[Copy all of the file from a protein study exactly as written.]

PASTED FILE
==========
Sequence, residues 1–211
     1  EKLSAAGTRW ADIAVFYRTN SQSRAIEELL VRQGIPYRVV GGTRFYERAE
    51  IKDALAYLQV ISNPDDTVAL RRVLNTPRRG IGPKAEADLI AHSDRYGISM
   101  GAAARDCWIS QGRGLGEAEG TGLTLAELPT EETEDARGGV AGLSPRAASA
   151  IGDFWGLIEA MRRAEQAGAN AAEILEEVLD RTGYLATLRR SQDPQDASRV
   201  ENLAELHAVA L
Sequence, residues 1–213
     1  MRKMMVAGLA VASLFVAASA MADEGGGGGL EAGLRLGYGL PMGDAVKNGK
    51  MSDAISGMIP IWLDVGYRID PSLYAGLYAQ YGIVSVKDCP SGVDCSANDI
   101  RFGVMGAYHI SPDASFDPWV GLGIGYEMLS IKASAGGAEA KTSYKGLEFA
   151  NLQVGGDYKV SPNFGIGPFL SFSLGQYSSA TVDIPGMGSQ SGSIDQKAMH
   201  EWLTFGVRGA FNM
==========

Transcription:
Sequence, residues 1–211
     1  EKLSAAGTRW ADIAVFYRTN SQSRAIEELL VRQGIPYRVV GGTRFYERAE
    51  IKDALAYLQV ISNPDDTVAL RRVLNTPRRG IGPKAEADLI AHSDRYGISM
   101  GAAARDCWIS QGRGLGEAEG TGLTLAELPT EETEDARGGV AGLSPRAASA
   151  IGDFWGLIEA MRRAEQAGAN AAEILEEVLD RTGYLATLRR SQDPQDASRV
   201  ENLAELHAVA L
Sequence, residues 1–213
     1  MRKMMVAGLA VASLFVAASA MADEGGGGGL EAGLRLGYGL PMGDAVKNGK
    51  MSDAISGMIP IWLDVGYRID PSLYAGLYAQ YGIVSVKDCP SGVDCSANDI
   101  RFGVMGAYHI SPDASFDPWV GLGIGYEMLS IKASAGGAEA KTSYKGLEFA
   151  NLQVGGDYKV SPNFGIGPFL SFSLGQYSSA TVDIPGMGSQ SGSIDQKAMH
   201  EWLTFGVRGA FNM